There is a lot of well-founded buzz around HTML5 but I assert that nearly all of it stems from how HTML5 enables the UI authoring experience to focus entirely on the browser, instead of on server-side processing that delivers content to the browser. For years, I've been making the case that building a web application is really building a distributed application, and therefore the art is finding the best allocation of processing tasks (UI, persistence, business logic, security, etc.) to processing nodes (smartphoe, tablet, laptop, desktop, browser, server, etc). The emergence of HTML5 as a viable deployment platform changes how we answer the question of "where does the User Interface processing task go?" My goal with this blog entry is to shed some light on what this means for JSF.
Where are we now and how did we get here?
Ever since the addition of the
<form> element to HTML+ in 1993 developers have been trying to force the pace of innovation delivered by browser vendors in order to deliver more and more compelling applications while lowering development/deployment/maintenance costs. Two factors have historically influenced this trend: ubiquity and capability. As soon as enough people had reasonably capable browsers, server side frameworks, such as JSF stepped in to give developers what they'd been wanting since 1993: "yeah, this browser stuff is nice, but what if I want to make my own darn tags? How can I do that?"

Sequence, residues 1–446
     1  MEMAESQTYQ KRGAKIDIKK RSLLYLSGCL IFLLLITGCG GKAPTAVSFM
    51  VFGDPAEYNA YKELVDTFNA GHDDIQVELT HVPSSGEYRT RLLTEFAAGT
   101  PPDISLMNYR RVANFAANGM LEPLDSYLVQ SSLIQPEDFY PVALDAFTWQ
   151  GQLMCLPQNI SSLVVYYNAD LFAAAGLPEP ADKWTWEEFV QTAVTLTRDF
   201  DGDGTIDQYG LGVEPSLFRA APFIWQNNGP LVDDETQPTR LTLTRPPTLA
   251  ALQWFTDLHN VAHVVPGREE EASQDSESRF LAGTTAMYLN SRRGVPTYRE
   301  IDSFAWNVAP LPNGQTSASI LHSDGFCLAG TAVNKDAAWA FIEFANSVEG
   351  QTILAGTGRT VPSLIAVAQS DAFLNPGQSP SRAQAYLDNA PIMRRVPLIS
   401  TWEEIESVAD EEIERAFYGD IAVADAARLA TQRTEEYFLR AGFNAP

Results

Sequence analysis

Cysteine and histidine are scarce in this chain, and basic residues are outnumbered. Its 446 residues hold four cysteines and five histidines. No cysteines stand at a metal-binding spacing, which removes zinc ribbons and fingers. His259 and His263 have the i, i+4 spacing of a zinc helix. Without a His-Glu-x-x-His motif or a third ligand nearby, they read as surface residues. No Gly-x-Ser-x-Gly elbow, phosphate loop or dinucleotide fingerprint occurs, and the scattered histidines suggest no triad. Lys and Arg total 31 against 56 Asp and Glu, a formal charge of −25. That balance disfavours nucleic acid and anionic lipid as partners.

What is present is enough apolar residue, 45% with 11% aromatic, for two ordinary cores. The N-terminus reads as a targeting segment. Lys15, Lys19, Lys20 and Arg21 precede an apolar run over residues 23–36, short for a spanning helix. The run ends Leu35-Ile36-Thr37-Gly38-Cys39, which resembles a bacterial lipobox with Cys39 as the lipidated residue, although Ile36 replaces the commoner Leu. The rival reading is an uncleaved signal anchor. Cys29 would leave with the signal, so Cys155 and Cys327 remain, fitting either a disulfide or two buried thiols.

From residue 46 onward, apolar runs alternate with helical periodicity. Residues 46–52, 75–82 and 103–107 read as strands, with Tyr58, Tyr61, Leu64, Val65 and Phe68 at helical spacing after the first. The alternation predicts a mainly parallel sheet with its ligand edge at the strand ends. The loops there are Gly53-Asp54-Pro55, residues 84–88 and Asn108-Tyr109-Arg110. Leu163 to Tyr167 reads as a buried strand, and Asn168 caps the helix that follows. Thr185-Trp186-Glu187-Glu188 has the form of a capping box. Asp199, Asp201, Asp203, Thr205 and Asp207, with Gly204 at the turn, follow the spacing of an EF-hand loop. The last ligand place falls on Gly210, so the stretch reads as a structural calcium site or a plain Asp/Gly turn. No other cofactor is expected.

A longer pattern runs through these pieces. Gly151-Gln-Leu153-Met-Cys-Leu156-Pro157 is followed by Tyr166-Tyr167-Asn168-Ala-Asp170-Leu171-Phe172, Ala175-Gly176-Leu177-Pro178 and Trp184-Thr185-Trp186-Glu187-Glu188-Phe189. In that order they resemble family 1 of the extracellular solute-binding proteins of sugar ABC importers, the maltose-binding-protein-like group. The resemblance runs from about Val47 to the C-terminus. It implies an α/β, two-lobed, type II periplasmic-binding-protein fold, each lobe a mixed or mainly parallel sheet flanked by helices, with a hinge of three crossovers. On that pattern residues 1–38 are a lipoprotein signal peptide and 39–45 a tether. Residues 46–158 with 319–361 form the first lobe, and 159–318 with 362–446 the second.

How does JSF 2.2 fit in?
So where does that leave JSF 2.2? As you may know, HTML 5 is a huge specification and it addresses many different categories of content. We are still very early in the development of JSF 2.2 but I can state we plan to address elements in the following content categories.
JSF applications already have large amounts of metadata available to them. We need to find the best way to allow that data to naturally express itself via the corresponding capability in HTML5.
- Sectioning and Heading
Just as the lightweight ontology of section values in HTML5 was obtained by searching google for how people were using their div tags, the same idea can be applied to how people are using their facelet templates.
- Form associated elements
We're still working on delivering a revision of the spec that ties up all the loose ends left over from JSF 2.1 such as
<f:viewAction />, Cross Site Request Forgery protection, and File uploads. Once the Early Draft Release milestone has been reached, we can start to think more seriously about what to do with HTML5.
Technorati Tags: edburns